The Art of Crop Rotation

A thriving home veggie garden planted with
Group 3 vegetables as well as cucurbits.

Pic courtesy oceansart.us

It is a proven fact that one type of vegetable cannot be grown in the same field or garden bed year in year out. This is because specific plants suck certain nutrients out of the soil. If you don’t rotate crops, you will find that the soil will deteriorate rapidly in terms of both structure and the nutrients contained in it. However by rotating crops, and growing particular vegetables after others, you will economize on the resources in the soil, and add to them.

For instance, legumes trap valuable nitrogen in little nodules that form on their roots. Leafy vegetables, on the other hand, have a high demand for nitrogen, so it stands to reason that they will benefit if planted after legumes. Leafy vegetables don’t need a lot of phosphorous, while root vegetables do. So it’s a good idea to plant root vegetables like carrots and radishes after you’ve grown your leafy veggies. Fruiting plants including tomatoes and cucumbers also absorb any spare potassium left in the soil by plants grown before them.

Rotating crops also ensures that pests and diseases commonly found attacking certain plants won’t continue to flourish when a plant that is threatened by different pests and diseases is planted.

While you won’t want to miss a whole season without planting your favourite veggies, most either thrive in cool weather or in warm weather. So crop rotation according to seasons is relatively easy. But horticulturists warn that we should alternate (or rotate) crops over a period of several years – this makes it more difficult, particularly in a small garden, although many vegetables may be grown successfully in pots – and it is easy to replace soil from time to time. But in larger gardens, the solution is to work according to a series of beds, so that you can always have the same vegetables growing if you wish.

Botanically, and by habit, there are as many as six different vegetable groups:

  • Cruciferous crops (or brassicas) including cabbages, cauliflower, broccoli, Brussels sprouts and kale.
  • Solanaceous crops, including tomatoes, potatoes (which are tubers), peppers and aubergines (or eggplants).
  • Root crops, the most popular of which are carrots, turnips, beetroots, parsnips and salsify.
  • Cucurbitaceous crops, like cucumbers, pumpkins, squashes and marrows, and all types of melon including watermelon.
  • Leguminous crops, specifically beans and peas.
  • Miscellaneous crop not included in the other five categories, including Swiss chard and spinach, leeks, celery, onions, sweet potatoes, radishes, lettuce, endive and artichokes.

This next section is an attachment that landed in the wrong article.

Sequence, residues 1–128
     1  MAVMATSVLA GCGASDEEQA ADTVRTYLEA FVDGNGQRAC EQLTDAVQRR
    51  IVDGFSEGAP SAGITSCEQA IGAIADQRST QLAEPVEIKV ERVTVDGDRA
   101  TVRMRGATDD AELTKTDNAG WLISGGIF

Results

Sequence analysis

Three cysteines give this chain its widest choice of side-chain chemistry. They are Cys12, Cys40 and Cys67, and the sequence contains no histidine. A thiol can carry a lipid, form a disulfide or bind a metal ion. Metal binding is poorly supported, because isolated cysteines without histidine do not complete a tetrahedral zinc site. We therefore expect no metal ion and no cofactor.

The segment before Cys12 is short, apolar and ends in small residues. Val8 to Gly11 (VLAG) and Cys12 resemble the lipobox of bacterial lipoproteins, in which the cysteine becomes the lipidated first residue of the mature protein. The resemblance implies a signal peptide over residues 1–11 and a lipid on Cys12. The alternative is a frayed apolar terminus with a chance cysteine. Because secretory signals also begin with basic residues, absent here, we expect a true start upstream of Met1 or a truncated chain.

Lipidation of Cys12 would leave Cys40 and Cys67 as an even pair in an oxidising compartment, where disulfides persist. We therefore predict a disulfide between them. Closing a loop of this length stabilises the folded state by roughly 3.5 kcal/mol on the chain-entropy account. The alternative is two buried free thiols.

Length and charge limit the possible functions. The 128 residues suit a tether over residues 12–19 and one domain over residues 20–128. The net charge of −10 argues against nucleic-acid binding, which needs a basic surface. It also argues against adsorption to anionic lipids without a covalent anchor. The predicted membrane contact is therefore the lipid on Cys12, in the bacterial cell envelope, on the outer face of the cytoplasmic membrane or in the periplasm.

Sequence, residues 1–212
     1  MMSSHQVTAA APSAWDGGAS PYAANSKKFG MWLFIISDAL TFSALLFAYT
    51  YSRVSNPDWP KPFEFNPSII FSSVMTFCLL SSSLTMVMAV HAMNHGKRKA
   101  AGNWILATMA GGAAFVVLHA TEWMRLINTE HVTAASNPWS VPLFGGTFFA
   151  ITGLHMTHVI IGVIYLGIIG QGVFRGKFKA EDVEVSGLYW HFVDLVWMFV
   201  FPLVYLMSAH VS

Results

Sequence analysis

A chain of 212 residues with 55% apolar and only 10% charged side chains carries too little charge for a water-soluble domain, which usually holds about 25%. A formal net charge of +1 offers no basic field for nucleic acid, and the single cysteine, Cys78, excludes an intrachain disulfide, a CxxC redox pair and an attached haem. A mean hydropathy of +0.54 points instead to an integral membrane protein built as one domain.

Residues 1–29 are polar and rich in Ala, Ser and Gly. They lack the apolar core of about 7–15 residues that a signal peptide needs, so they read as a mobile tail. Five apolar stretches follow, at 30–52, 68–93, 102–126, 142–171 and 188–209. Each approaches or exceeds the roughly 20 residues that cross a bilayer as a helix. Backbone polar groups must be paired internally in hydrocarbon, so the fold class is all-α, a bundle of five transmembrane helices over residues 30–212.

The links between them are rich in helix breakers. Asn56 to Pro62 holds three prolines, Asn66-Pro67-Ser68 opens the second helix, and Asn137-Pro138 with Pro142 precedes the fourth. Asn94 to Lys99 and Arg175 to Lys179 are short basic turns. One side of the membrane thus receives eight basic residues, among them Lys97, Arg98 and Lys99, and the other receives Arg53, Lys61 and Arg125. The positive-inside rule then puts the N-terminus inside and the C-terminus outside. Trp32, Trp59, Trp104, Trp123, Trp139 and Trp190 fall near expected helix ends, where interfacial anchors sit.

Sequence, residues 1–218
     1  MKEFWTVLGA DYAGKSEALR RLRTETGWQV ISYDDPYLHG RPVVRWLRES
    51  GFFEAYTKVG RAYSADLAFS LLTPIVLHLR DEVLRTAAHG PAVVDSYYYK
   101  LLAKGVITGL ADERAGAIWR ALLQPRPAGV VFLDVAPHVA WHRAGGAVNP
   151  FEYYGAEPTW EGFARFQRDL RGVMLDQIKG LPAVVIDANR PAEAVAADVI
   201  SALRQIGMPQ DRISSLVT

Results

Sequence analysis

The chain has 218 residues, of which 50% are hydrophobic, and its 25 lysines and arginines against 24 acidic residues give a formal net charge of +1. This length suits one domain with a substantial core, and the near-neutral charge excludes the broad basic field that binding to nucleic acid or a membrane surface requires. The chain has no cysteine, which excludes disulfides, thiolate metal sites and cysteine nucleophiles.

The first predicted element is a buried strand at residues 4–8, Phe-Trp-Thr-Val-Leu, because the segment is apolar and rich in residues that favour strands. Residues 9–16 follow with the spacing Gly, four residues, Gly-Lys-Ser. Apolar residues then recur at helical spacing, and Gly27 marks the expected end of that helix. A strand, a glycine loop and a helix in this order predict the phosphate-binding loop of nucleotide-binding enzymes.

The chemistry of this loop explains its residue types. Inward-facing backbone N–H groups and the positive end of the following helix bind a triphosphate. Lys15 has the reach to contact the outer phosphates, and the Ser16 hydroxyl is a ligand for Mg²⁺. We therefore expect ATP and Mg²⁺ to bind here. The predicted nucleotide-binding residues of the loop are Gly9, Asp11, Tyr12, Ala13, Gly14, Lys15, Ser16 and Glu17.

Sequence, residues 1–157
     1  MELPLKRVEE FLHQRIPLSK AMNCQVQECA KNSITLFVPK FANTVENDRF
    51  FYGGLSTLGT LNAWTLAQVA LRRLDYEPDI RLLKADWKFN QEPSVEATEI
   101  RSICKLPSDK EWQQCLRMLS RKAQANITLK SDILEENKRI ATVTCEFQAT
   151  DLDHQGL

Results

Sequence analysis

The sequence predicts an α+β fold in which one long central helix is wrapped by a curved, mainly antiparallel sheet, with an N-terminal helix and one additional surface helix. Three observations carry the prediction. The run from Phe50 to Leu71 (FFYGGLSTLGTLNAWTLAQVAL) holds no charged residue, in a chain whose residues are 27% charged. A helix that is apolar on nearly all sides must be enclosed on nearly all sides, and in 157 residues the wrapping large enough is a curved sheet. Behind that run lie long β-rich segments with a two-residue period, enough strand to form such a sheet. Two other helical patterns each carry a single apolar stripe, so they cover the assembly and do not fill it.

But it can be a challenge to base a crop rotation system on so many groups, so we have compiled a table for four years, which involves planting a simplified four groups in four different beds – or on four separately defined garden plots.

Group 1: The brassicas as well as onions, leeks and celery, all of which need lots of manure and compost in the soil, and generally require cool growing conditions.

Group 2: Root crops plus kohlrabi and sweet potatoes, both of which are in fact cruciferous crops. Avoid adding manure to the soil prior to planting because the nitrogen promotes top growth and encourages abnormal growth underground.

Group 3: Solanaceous crops (like tomatoes and potatoes), most of which prefer warm conditions, as well as lettuce and Swiss chard.

Group 4: Legumes. If you can only included three groups in your crop rotation plan, leave this one out and plant with other veggies.

Crop Rotation
Plot 1 Plot 2 Plot 3 Plot 4
Year 1 Group 1 Group 2 Group 3 Group 4
Year 2 Group 4 Group 1 Group 2 Group 3
Year 3 Group 3 Group 4 Group 1 Group 2
Year 4 Group 2 Group 3 Group 4 Group 1
Slip any miscellaneous plants not included in the four groups as well as the cucurbits into the rotation scheme as you wish.
Annette (58 Posts)

Annette Welsford has a partial degree in Horticulture and a Post Graduate Certificate in marketing. Having lived in the cold, temperate and hot parts of Australia and the UK, she has gained experience over the years with gardening in a variety of climates. Annette also worked for a fertilizer company where she was responsible for developing, editing and publishing a range of technical manuals on nutrition and fungal diseases for a wide range of horticultural crops including tomatoes. Annette is Managing Director of Commonsense Marketing Pty Ltd, a publishing and marketing company, responsible for the editing, design and worldwide marketing of the How to Grow books, and other products. Commonsense Marketing also provides expert offline and online marketing consulting and design services to a variety of small to medium sized businesses.


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